As art teachers, we spend countless hours creating, posting, repeating, and enforcing rules and expectations in our classroom. We create them for safety, efficiency, and to keep things in order. But, what happens when the art teacher forgets her own rules? This recently happened to me.
My school implemented a school-wide behavior program where teachers use common language. Students are expected to do their P-A-R-R-T. This acronym stands for Personal Best (P), Be an Active Listener (A), Be Respectful (R), Be Responsible (R), and Be Trustworthy (T). As a teacher, I am expected to post what doing your P-A-R-R-T looks like in my classroom. In previous years, students collaboratively decided what it looked like to do your P-A-R-R-T in art. This year, however, I created updated large-scale posters, hung them on the wall, and reviewed them with my students.
During the second class of the day, I started my presentation by saying, “P stands for participation.” The students looked at me kind of funny, and a girl raised her hand and said, “P stands for personal best, not participation.”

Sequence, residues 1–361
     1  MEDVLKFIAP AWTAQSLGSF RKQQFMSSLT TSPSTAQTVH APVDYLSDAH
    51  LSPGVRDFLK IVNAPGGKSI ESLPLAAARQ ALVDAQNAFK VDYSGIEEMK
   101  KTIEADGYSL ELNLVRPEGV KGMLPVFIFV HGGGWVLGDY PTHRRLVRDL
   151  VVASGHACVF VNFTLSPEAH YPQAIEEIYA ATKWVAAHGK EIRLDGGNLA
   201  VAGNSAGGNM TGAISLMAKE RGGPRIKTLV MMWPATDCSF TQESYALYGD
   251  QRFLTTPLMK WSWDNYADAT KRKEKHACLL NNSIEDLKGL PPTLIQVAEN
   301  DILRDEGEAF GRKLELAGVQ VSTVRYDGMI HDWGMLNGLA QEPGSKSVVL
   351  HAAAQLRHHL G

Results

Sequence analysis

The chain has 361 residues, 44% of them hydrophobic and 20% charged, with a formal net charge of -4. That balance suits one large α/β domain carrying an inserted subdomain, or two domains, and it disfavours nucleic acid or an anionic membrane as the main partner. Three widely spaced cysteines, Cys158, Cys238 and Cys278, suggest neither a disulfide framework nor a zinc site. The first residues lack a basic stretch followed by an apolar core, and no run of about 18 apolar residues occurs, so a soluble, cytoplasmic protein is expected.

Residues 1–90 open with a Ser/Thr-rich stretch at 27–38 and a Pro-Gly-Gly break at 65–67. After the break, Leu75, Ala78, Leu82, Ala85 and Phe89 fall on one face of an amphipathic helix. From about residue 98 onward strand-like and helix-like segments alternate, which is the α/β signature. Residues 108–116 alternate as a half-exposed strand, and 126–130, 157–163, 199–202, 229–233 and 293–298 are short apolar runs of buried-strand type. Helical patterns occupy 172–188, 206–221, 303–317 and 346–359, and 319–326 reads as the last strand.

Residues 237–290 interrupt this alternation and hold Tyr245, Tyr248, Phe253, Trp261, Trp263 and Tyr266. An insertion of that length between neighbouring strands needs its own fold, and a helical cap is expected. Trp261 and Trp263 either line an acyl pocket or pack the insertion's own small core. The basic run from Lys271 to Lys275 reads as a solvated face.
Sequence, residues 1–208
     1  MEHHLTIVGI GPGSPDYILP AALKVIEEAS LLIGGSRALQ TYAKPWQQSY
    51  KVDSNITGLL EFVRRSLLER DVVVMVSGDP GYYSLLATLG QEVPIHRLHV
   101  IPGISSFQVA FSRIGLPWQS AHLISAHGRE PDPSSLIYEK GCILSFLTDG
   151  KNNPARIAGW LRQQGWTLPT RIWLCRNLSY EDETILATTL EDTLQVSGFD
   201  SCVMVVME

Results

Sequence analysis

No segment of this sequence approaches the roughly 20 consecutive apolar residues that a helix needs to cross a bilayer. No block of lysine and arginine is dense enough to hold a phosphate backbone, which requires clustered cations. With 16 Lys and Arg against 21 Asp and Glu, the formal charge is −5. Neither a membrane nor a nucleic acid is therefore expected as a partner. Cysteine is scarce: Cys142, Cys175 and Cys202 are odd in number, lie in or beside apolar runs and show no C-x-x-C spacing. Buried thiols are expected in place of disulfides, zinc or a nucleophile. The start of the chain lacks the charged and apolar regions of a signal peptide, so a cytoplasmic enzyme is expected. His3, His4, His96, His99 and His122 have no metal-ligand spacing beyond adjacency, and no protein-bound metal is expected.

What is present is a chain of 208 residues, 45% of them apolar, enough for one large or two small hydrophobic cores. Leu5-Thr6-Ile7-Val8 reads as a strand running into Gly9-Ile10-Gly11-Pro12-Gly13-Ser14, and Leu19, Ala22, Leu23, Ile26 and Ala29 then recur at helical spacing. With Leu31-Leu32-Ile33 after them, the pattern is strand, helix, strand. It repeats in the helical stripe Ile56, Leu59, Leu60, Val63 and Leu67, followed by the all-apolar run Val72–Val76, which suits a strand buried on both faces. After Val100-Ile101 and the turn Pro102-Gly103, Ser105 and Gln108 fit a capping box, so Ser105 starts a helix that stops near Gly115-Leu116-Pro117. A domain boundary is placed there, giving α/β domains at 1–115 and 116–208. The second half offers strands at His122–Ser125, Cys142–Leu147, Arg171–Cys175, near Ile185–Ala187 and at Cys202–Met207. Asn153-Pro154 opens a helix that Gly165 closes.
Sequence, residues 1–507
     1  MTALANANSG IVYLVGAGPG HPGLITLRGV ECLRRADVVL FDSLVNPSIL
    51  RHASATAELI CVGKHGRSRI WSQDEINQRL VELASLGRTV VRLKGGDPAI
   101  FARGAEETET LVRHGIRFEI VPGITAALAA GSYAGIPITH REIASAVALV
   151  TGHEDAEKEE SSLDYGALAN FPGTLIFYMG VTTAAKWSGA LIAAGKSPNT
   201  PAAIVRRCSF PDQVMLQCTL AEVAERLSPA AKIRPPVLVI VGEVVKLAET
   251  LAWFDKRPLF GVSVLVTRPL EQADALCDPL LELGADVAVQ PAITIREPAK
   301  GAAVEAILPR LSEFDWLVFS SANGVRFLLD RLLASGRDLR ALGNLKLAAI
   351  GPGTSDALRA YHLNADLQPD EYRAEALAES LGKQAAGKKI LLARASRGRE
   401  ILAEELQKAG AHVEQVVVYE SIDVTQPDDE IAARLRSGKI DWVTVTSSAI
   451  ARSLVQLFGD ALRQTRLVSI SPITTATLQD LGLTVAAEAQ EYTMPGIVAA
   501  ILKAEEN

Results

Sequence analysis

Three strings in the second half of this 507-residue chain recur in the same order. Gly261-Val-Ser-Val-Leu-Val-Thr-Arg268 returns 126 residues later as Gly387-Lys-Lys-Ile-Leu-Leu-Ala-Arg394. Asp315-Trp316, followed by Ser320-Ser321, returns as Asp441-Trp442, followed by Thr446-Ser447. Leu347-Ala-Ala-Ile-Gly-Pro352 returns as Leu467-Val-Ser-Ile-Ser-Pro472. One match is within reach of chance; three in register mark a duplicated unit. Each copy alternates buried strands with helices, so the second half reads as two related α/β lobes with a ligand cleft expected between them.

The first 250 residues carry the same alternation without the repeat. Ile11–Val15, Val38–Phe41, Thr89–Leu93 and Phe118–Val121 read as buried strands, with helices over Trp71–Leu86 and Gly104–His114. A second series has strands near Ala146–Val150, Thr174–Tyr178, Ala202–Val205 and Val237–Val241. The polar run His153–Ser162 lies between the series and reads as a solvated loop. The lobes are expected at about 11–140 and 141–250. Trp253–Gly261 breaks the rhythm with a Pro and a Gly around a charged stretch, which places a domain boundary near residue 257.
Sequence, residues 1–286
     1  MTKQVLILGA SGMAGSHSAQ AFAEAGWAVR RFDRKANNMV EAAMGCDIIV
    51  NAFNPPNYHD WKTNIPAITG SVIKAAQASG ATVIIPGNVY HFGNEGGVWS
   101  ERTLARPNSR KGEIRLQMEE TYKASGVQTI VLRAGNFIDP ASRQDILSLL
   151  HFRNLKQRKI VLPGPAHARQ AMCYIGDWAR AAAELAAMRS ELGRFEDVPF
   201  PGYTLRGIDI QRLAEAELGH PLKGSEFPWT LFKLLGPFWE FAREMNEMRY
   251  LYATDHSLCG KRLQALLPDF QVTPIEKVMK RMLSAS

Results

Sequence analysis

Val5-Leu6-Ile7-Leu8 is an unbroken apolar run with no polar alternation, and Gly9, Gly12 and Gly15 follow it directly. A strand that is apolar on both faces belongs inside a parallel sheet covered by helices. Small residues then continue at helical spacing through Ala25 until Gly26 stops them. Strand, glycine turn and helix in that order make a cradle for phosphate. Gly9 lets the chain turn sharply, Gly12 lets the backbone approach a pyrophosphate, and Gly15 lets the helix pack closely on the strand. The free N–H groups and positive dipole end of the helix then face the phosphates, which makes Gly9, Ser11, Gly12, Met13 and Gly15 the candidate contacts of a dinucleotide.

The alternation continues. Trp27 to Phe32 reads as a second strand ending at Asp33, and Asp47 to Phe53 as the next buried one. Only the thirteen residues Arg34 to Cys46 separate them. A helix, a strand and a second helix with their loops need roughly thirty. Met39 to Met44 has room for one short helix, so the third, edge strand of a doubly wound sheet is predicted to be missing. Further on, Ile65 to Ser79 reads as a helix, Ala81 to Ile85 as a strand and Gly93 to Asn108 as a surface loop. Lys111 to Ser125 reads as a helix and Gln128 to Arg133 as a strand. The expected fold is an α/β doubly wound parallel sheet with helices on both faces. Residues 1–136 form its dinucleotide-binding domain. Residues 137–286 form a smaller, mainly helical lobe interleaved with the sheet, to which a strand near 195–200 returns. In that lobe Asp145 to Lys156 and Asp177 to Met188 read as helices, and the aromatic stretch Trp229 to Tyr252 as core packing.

What? It does? Of course once she said it, and I took a moment to think it through, of course P stood for Personal Best. I’ve only said it more than 100 times in the past couple of years.
During this moment, I had two choices, I could feel embarrassed, or I could use humor and laugh at myself. I chose humor. The students and I laughed together for a couple of minutes and moved on to our activity.
That evening, as I browsed the facebook world, I saw a post Jessica made that morning. She asked AOE’s facebook readers how they stay calm in the art room at back-to-school time. People commented using humor helps. I couldn’t help but laugh out loud when I read this because that very morning my students caught me red handed, and luckily like the AOE readers, I chose to use humor.
Have you ever embarrassed yourself in front of your students? What did you do?
Are you a fan of using humor in the classroom?